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21.2% Of Irish Pubs Closed Between 2005 And 2011, Says DIGI

By Dave Simpson

A new report from the Drinks Industry Group of Ireland (DIGI) titled "The Irish Pub: Stopping the Decline report" states that there was a 21.2% (1,829) decrease in the number of Irish pubs between 2005 and 2021.

Details

According to a statement published on DrinksIndustry.ie, the report's data is based on DIGI's analysis of revenue license data and includes an economic and social analysis by Dublin City University (DCU) Associate Professor Emeritus and economist Anthony Foley.

All 26 counties experienced decreases in pub numbers during the 16 year period, with the largest decrease being in Laois, where there are 30.6% less pubs since 2005, according to the statement published on DrinksIndustry.ie, which noted that this was the only county with a decrease of 30% or more, and the lowest decrease was in Meath with 1.4% less pubs, followed by Dublin, with a decrease of 4.3%, while the remaining 23 counties had decreases of over 10%.

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Three counties - Carlow (10.4%), Kildare (13.6%) and Wicklow (10.1%) - had decreases of between 10% and 14.9%, while Cavan (17.2%), Kerry (15.3), Kilkenny (18.1%), Monaghan (19.8%) and Wexford (17.2%) were in the 15% to 19.9% decrease bracket and the remaining counties had decreases of over 20%, according to the statement published on DrinksIndustry.ie, which also noted that six counties - Clare (24.7%), Galway (20.6%), Louth (20.3%), Sligo (24%), Waterford (23.5%) and Westmeath (24.4%) - were in the 20% to 24.9% decrease band, wand nine counties - Cork (28.5%), Donegal (26.3%), Leitrim (26.4%), Limerick (29.1%), Longford (25.7%), Mayo (25.1%), Offaly (29.9%), Roscommon (28.3%) and Tipperary (26.3%) - experienced decreases of between 25% and 29.9%.

Statement By DIGI Member And VFI CEO

The statement published on DrinksIndustry.ie included a statement from DIGI member and Vintners' Federation of Ireland (VFI) CEO Paul Clancy that said, "1,829 rural pub closures represent businesses that provide jobs, a hub in the local community for socialising and community integration and a cultural centre which has long been documented as among the main attractions for tourists visiting Ireland. The pace of decline increased as a result of the COVID-19 pandemic which saw the drinks and hospitality industry suffer the worst of all, with one of the longest lockdowns recorded globally.

"Considering this sharp decline and trend we're witnessing, we need to monitor this industry carefully and ensure all the necessary supports are in place to contribute to stopping this trend. Our high alcohol excise tax is a cost and slows the growth of these businesses and impacts their day-to-day operations and bottom line. Exasperated currently with inflation and the cost of living. We are calling on the government to reduce excise tax to support the industry with meaningful measures that will be felt immediately and reduce costs over night fortens of thousands of business owners."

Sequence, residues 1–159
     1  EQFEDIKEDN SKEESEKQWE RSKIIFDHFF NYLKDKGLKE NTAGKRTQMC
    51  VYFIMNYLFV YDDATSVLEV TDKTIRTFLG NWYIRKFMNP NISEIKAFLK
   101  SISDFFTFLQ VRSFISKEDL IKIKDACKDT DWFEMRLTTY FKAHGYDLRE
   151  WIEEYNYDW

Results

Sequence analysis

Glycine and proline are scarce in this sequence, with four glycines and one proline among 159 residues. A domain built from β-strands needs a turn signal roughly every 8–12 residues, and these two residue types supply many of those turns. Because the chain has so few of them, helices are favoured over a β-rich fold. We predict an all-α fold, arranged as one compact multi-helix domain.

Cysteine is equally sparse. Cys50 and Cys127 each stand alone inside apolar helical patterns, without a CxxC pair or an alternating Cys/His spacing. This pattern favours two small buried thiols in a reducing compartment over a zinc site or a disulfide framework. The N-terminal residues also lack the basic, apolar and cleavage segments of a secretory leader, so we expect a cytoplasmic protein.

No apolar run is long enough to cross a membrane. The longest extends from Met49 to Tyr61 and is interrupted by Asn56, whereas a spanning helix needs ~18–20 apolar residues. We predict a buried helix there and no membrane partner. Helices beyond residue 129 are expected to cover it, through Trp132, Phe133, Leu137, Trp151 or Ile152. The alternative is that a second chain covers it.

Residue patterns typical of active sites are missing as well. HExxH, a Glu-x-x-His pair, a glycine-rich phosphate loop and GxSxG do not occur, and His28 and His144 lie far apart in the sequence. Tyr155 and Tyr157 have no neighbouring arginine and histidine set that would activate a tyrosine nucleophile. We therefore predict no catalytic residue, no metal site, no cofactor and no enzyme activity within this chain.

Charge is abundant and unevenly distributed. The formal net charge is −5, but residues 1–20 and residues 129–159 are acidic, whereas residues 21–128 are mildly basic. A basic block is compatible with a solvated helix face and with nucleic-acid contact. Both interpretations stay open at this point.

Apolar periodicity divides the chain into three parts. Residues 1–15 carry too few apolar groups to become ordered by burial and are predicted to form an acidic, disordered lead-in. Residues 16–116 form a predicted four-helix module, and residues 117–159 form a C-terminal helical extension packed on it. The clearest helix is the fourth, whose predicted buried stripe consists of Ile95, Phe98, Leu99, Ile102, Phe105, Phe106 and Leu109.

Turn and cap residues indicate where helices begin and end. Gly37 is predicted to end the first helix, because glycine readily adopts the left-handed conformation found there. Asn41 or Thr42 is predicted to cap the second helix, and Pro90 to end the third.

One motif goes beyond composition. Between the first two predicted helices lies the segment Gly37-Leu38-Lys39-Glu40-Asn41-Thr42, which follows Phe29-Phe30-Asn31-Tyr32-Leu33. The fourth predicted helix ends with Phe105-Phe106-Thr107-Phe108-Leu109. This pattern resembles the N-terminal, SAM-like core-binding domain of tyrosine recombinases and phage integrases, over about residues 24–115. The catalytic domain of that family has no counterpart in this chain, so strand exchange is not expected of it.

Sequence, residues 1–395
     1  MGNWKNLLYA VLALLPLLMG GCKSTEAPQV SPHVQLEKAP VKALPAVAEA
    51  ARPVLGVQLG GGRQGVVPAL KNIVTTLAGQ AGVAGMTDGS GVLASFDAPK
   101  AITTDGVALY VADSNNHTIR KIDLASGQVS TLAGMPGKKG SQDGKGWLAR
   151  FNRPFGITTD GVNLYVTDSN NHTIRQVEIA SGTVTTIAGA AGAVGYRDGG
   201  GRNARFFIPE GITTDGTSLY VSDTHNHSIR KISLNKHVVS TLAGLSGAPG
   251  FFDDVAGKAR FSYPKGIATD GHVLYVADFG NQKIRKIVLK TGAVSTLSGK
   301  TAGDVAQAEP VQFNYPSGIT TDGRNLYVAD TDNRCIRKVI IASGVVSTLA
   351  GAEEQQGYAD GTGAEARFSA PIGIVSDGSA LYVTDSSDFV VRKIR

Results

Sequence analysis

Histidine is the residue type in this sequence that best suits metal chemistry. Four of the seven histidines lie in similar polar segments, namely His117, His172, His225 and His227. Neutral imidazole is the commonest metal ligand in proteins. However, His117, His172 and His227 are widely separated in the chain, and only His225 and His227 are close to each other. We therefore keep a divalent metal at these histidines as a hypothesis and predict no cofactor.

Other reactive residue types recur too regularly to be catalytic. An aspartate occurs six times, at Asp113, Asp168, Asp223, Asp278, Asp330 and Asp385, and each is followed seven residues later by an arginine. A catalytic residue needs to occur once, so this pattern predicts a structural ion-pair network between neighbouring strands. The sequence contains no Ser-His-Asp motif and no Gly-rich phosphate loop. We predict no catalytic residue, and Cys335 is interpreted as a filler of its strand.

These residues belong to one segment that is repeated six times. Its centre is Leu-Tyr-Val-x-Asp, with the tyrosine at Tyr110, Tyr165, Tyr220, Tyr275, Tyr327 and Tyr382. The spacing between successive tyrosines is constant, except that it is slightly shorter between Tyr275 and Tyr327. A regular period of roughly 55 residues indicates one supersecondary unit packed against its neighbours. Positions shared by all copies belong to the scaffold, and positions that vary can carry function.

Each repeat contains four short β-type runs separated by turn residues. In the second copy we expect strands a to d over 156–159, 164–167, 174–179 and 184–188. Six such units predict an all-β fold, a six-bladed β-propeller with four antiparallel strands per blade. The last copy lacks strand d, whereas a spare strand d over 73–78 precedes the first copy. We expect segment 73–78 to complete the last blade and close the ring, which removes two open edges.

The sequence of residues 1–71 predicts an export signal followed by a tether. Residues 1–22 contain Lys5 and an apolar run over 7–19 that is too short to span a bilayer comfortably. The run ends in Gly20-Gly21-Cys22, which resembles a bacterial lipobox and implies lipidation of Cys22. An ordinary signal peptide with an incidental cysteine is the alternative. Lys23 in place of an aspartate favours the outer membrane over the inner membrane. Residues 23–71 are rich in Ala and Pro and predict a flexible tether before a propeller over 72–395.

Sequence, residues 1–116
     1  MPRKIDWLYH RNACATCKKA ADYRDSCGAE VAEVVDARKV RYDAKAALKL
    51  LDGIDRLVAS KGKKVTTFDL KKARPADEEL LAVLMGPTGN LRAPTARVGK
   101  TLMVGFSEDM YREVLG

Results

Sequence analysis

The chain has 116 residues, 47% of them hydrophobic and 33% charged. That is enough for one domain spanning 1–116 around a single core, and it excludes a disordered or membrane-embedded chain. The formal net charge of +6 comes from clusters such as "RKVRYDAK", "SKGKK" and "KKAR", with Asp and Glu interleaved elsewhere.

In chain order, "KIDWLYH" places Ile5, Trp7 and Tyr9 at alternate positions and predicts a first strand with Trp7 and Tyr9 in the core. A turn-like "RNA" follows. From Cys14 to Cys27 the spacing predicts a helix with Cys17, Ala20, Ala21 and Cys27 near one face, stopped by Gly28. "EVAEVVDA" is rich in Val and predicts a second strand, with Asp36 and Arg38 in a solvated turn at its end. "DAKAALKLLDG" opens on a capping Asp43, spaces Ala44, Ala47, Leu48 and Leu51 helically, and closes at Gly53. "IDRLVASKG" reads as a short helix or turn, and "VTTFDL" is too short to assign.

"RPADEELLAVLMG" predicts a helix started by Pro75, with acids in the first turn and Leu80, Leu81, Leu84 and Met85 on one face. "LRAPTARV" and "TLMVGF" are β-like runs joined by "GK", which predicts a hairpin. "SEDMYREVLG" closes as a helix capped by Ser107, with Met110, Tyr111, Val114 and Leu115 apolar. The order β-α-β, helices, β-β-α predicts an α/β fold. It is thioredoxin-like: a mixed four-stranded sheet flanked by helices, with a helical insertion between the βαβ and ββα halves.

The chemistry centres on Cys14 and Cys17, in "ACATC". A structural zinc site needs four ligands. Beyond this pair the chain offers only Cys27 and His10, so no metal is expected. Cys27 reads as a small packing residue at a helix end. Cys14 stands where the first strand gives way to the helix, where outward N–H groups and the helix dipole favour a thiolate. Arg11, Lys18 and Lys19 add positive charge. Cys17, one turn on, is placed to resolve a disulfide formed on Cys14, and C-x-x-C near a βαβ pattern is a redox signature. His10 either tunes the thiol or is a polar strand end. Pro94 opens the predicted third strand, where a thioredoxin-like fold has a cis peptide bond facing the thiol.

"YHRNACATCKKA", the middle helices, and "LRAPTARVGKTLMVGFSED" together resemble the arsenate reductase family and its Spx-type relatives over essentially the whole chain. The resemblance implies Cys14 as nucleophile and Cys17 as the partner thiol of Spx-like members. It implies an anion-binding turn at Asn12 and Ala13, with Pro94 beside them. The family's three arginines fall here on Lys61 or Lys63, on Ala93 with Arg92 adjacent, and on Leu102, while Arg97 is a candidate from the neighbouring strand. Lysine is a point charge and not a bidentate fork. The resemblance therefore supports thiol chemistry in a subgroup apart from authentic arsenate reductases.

Statement By DIGI Chair

The statement published on DrinksIndustry.ie included a statement from DIGI chair and Irish Distillers communications and corporate affairs director Kathryn D'Arcy that said, "The Irish pub has been in a steady decline for years, and these stark figures once again highlight the need to secure the sustainable future of our pubs. Central to this is introducing policy measures which can make both an immediate difference and a long-term impact in terms of delivering sustainable policy to support these businesses. DIGI is seeking a reduction in Ireland’s high excise tax rate which would deliver on this."

Statement By Foley

The statement published on DrinksIndustry.ie also included a statement from economist and Associate Professor Emeritus, DCU, Anthony Foley that said, "There is likely to be a negative social impact arising from the closure of the 1,829 public houses between 2005 and 2021. Pubs serve as a vital social outlet for many people, particularly in rural Ireland. With people living there faced by the spectre of rural decline, preserving the cultural heritage of the Irish pub in Ireland is arguably a progressive course of action. Economic and business sustainability is one of the several determining factors of closures of small public houses. Addressing high excise would have a positive effect on the commercial sustainability of small public houses and would be a strong element in the wider policy strategy to support rural areas. It is a measure which is completely within the scope of government."

© 2022 Hospitality Ireland – your source for the latest industry news. Article by Dave Simpson. Click subscribe to sign up for the Hospitality Ireland print edition.

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